Also that evening was a sort of grindcore band, Arabrot, who had big fuzzy rebellious teenage hair and a generally dirty feeling. The guitar player also had no shirt and Hugo Boss underwear. After they finished, Cock ESP was scheduled to play a ten-minute set, which they did. A girl wearing sunglasses at night in a dark club described it was being a performance, and was about more than just music, and she was correct. Cock ESP was a tall man in a military jacket and crappy horse mask, an extremely obese man in a full body spandex suit with tiny American flags all over print and a black woman in a full white birka flying a Confederate flag. They put up a banner that said American Noise Rocks! And then the birka came off to reveal a red one-piece stripper outfit. Then she jumped off the stage several times yelling about America’s total sweetness while the two dudes made something that sounded like a computer overheating. The “music” (yeah, I said “music”) ended and she jumped off the stage again, hit a guy in the face and knocked him over. He stood up bleeding and pissed. She didn’t notice.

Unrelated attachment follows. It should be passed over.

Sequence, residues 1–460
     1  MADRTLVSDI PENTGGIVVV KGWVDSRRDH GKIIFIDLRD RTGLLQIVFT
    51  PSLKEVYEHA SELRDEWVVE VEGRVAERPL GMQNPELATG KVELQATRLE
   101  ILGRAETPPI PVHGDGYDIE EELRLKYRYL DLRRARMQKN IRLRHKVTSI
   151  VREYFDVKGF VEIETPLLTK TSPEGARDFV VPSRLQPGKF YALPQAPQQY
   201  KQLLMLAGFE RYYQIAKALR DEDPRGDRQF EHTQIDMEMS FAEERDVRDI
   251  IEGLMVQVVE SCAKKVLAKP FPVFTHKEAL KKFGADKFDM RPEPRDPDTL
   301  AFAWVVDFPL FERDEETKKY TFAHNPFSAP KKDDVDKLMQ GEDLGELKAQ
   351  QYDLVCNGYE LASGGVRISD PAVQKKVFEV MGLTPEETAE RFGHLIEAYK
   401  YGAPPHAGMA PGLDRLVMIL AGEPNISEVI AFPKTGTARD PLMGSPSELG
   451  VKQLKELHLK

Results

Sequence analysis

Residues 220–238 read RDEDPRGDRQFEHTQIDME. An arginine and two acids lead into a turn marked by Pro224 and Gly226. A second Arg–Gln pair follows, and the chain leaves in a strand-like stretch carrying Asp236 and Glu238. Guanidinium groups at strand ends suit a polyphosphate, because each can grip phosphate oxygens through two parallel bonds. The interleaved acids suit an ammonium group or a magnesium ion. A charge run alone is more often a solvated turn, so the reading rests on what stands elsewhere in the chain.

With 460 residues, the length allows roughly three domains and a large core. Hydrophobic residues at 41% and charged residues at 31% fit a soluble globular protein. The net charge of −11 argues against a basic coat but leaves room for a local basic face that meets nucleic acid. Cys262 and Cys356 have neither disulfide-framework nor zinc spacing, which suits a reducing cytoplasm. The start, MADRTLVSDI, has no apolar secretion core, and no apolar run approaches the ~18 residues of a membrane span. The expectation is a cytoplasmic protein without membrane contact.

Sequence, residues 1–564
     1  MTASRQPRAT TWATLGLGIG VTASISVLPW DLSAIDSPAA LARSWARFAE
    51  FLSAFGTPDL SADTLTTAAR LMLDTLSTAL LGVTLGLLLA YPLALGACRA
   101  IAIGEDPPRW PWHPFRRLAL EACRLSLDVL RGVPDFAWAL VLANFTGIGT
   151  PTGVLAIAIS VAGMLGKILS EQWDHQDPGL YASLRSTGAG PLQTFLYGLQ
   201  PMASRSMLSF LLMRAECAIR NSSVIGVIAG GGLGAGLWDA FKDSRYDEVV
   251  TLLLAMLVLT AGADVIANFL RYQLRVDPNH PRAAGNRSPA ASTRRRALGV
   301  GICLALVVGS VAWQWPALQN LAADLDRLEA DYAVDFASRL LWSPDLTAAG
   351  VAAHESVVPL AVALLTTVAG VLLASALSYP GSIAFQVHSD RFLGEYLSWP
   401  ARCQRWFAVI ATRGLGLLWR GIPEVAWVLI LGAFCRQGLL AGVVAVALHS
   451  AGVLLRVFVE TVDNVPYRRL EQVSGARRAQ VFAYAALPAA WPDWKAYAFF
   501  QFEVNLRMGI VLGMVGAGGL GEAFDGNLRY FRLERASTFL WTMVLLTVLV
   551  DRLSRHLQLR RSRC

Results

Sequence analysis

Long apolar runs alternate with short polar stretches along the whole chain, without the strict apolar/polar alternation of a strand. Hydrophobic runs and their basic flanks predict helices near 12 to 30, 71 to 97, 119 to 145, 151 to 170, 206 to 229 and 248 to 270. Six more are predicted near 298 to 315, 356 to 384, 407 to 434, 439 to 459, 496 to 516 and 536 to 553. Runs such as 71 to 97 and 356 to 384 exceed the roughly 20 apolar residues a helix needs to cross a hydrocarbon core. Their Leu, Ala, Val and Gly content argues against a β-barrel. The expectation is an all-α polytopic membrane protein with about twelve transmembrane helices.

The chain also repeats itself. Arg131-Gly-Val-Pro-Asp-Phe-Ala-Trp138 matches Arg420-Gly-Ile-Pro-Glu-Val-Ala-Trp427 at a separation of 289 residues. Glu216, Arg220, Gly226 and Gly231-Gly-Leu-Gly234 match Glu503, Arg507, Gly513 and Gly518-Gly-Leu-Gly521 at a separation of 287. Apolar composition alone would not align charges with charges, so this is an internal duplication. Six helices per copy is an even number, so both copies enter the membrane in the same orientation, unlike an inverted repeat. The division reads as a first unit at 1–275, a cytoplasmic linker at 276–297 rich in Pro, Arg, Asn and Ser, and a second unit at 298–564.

The next day, Wednesday, the festival began with Boredoms on the mid-sized stage, Sjosiden. Similar to the 77BOADRUM last month, Eye, wearing a bamboo hat with a yin/yang (8/8/08?!) played his rack of guitar necks, though this time gingerly, like a dainty painter. The three drummers, of which Yoshimi is obviously my total favorite and the most adorable, blasted through with jazz stance and professional finesse while Eye stroked strings and did something with an orb. Then, somehow totally randomly and perfectly planned, they began to play something which I can only describe as tropical disco with Yoshimi turned around in her drum stool playing keyboards and singing a diva serenade. Then they eased back into total blast, but not before Yoshimi played a bunch of pedals like a foot theremin, never touching anything physical. I think Eye said the word “sun” five billion times and they finished. I was pretty much ready to go home after that but instead I stuck around and watched, over the course of four days, every other band that has ever existed.